• World of Hyatt Credit Card: Earn a welcome bonus of 30,000 points (worth $555 when used for a low- or mid-tier room, on average) after spending $3,000 within the first three months of account ownership. Plus, earn up to 30,000 additional bonus points by earning double bonus points in the first six months of spend on purchases that would normally earn just one bonus point, on up to $15,000 of spending. Earn up to 9 points per dollar on Hyatt purchases (with World of Hyatt membership), 2 points per dollar at restaurants, gyms, airline tickets purchased directly from the airline, and local transit and commuting. All other purchases earn 1 point per dollar. Annual fee: $95.
  • The IHG Rewards Club Premier Credit Card: Earn a welcome bonus of 150,000 points (worth $1,110 when used for a low- or mid-tier room, on average) after spending $3,000 within the first three months of account ownership. Plus, earn up to 25 points per dollar spent at IHG (with IHG Rewards Club membership), 2 points per dollar on gas stations, grocery stores, and supermarkets, and 1 point per dollar on everything else. Annual fee: $0 for first year of card membership, then $89.

You can also opt for a flexible point card with points you can transfer to multiple loyalty programs (such as cards from American Express or Chase, as described above).

If you’d prefer a card that allows you to simply “erase” your purchases as a statement credit, you may want to consider these cards, which will allow you to redeem your points at a value of one cent each against any of your travel purchases:

  • Bank of America Premium Rewards Card: Earn a 50,000 point bonus (worth $500 on when used toward eligible travel expenses) after spending $3,000 in the first three months of card ownership. You’ll also earn 2 points per dollar on travel and dining, 2 points on supermarkets (through 12/31/21) and 1.5 points per dollar on everything else. Annual fee: $95.
  • Capital One Venture Rewards Credit Card: Earn 60,000 points (worth $600 when used toward eligible travel expenses) after spending $3,000 in the first three months. Earn 2 points per dollar on all purchases. Annual fee: $95.

What About Rental Cars?

It’s easy to use your credit card rewards for a rental car, especially those with flexible points. You can use each issuer’s travel portal to book your rental and redeem your points. Otherwise, you can also choose to use almost any rewards credit card to redeem your points as statement credits (such as for cars booked through services like AutoSlash or Priceline).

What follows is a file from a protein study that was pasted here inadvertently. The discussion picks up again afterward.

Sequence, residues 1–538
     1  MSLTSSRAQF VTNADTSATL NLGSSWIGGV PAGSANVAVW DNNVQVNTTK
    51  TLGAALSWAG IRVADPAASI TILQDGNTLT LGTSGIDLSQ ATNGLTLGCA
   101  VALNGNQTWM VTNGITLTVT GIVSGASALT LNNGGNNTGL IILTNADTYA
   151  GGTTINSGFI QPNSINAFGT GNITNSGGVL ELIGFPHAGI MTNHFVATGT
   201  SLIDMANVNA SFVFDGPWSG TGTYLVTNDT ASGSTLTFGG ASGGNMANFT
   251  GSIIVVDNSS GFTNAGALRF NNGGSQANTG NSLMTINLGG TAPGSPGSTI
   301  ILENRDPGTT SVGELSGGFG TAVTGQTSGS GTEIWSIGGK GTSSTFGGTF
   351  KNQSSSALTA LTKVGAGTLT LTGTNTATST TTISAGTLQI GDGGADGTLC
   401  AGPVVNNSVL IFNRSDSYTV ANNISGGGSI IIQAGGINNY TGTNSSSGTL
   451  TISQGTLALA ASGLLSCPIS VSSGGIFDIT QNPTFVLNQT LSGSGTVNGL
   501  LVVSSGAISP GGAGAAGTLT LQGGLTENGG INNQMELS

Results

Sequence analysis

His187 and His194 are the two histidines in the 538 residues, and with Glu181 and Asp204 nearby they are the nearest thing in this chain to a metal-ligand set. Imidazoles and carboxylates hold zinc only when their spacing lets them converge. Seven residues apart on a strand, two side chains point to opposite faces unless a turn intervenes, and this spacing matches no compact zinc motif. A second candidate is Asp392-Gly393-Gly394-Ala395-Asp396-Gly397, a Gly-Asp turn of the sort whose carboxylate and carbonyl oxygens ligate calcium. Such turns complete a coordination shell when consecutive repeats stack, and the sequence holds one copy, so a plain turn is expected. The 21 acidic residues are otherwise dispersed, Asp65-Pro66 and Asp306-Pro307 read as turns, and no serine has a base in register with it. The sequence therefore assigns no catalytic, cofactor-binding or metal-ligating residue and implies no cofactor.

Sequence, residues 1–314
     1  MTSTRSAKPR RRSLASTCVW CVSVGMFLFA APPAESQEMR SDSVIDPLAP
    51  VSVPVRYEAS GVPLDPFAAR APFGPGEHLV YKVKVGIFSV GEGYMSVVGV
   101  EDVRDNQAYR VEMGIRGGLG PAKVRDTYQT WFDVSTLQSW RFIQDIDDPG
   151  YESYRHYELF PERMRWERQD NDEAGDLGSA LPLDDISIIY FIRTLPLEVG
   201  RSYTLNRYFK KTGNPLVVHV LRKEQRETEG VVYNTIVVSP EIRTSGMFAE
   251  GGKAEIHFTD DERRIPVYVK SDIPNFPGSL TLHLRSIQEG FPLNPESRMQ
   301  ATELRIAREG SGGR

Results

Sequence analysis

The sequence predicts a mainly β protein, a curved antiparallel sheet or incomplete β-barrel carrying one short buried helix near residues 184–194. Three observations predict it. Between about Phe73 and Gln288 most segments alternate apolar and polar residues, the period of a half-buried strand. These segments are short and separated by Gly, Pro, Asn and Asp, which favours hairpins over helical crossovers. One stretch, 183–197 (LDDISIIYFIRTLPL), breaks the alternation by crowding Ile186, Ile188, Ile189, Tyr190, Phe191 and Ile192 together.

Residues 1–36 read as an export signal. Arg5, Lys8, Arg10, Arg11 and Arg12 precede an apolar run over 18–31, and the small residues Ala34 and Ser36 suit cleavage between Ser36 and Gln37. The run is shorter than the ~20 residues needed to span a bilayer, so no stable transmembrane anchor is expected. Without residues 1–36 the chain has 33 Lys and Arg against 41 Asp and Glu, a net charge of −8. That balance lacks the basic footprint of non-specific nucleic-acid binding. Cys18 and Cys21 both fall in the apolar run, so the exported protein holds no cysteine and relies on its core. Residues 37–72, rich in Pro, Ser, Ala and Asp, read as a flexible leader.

These figures are based on a 5-day rental booked six to eight weeks in advance during the summer season. They are quoted at the lowest available rate, though be aware that figures can change at any time.

Method of Booking Cost in Points Cash Cost
American Express 76,229 points $533
Chase (Using the Chase Sapphire Reserve card) 34,042 points $511
Citi 59,300 points $593
AutoSlash 34,700 points  $347
Priceline 48,200 points $482

As you can see, each issuer will give you a different amount of value on your points redemption, so you’ll want to look at each option before settling on a rental. Keep in mind that Chase will give you a different value for your points depending on which card you have. The above rate is based on a value of 1.5 cents of value per point, which is given to Chase Sapphire Reserve cardholders. Chase Sapphire Preferred cardholders will get 1.25 cents in value instead.

Even if you don’t choose to use your points for a rental car reservation, you can still make sure you come out ahead by using a credit card that offers bonus points on your purchase. Plenty of cards also offer additional bonus points for other kinds of travel spend, so make sure you’re using one that’ll maximize your earnings.

One final thing to consider when booking your rental car is which credit cards offer the best rental car insurance. Some cards, like those offered by American Express, will provide secondary rental car insurance if you pay with your card. Others, like the Chase Sapphire Preferred and Chase Sapphire Reserve, will offer primary collision damage waiver insurance. This means the policy will pay for any damage whether or not you have individual insurance; if you do have other insurance, these cards will pay your claim before it's sent to your personal insurance company.

The Bottom Line

New Orleans is an excellent vacation destination. From its famed French Quarter to its over-the-top Mardi Gras celebrations, this charming city is worth a visit. And because it’s so well connected, with direct flights from 46 different cities and hundreds of hotels available for booking, you’ll be able to find your way there with ease.

Play your cards smart and book your trip to New Orleans using credit card points to save big bucks. Whether you’re looking for award flights, award stays at hotels, or even rental cars paid for with points, your credit cards can make your trip more affordable so that you can travel sooner rather than later. And don’t forget—use your cards during your vacation to start saving up for the next.